I think a lot about the contrast between banality and wonder. Between disengagement and radiant ecstacy. Between being unaffected by the hear and now and being absolutely ravished emotionally by it. And I think one of the problems for human beings is mental habits. One we create a comfort zone, we rarely step outside of that comfort zone. But the consequence of that is a phenomenon known as hedonic adaptation. Overstimulation to the same kind of thing, the same stimuli, again and again and again, renders said stimuli invisible. Your brain has already mapped it in its own head and you know longer literarily have to be engaged in it. We have eyes yet see not. Ears that hear not. And hearts that neither feel nor understand. There is a great book called “The Wondering Brain” that says that one of ways that we elicit wonder is by scrambling the self temporarily so that the world can seep in. Henry Miller says that even grass when given proper attention becomes an infinitely magnificent world in itself. Darwin said attention if sudden and close graduates into surprise, and this into astonishment, and this into stupefied amazement. That’s what rapture is. That’s what illumination is. That’s what infinite comprehending awe that human beings love so much. And so how do we do that? How do we mess with our perceptual apparatus in order to have the kind of emotional and aesthetic experience from life that we render most meaningful. Because we all know that those moments are there. Those are those moments that would make the final cut. Only in these moments we experience a fresh, the hardly bearable, ecstasy of direct energy exploding on our nerve endings. This is the rhapsodic, ecstatic, bursting forth of awe that expands our perceptual parameters beyond our previous limits. And we literally have to reconfigure our mental models of the world in order to assimilate the beauty of that download. That is what it means to be inspired. The Greek root of the term means to breathe in. To take it in. We fit the Universe through our brains and it comes out in the form of nothing less than poetry. We have a responsibilities to awe.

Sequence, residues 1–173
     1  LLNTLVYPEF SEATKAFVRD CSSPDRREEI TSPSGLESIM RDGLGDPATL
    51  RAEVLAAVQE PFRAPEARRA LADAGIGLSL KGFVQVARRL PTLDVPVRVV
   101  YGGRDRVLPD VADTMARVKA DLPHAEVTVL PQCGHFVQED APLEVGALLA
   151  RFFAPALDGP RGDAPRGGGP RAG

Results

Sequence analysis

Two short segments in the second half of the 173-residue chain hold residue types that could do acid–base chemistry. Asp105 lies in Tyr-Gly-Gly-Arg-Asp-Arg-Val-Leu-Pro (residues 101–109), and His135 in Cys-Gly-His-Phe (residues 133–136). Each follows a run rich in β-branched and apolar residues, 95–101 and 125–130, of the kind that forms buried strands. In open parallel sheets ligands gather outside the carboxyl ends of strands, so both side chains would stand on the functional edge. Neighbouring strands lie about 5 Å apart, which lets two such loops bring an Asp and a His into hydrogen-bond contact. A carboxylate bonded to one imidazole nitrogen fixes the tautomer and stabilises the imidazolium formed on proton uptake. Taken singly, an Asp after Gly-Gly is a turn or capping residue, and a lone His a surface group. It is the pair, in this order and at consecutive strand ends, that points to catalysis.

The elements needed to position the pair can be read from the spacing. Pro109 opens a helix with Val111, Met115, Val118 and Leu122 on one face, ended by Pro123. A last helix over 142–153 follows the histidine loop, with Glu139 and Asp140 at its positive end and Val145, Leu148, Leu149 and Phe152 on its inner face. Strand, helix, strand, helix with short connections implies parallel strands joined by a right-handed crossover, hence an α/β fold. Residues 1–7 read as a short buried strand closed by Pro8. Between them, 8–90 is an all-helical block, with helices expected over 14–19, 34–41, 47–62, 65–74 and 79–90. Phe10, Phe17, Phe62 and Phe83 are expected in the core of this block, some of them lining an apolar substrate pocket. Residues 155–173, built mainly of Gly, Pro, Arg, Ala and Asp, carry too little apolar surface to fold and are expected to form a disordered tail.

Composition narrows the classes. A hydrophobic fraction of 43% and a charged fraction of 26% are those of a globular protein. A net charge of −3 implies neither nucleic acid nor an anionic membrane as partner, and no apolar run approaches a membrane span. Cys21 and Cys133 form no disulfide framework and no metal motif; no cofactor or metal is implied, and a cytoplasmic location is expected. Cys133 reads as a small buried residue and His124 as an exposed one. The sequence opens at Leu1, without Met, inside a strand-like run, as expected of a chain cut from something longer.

~ Jason Silva
Yes, it’s a commercial. But what is it with this time of the year, Red Balloons and a bit of kindness? You can’t help but be warmed by the faces in this ad…
Life is a question of nerves, and fibres, and slowly built-up cells in which thought hides itself and passion has its dreams. You may fancy yourself safe and think yourself strong. But a chance tone of colour in a room or a morning sky, a particular perfume that you had once loved and that brings subtle memories with it, a line from a forgotten poem that you had come across again, a cadence from a piece of music that you had ceased to play… I tell you, that it is on things like these that our lives depend.
— Oscar Wilde, The Picture of Dorian Gray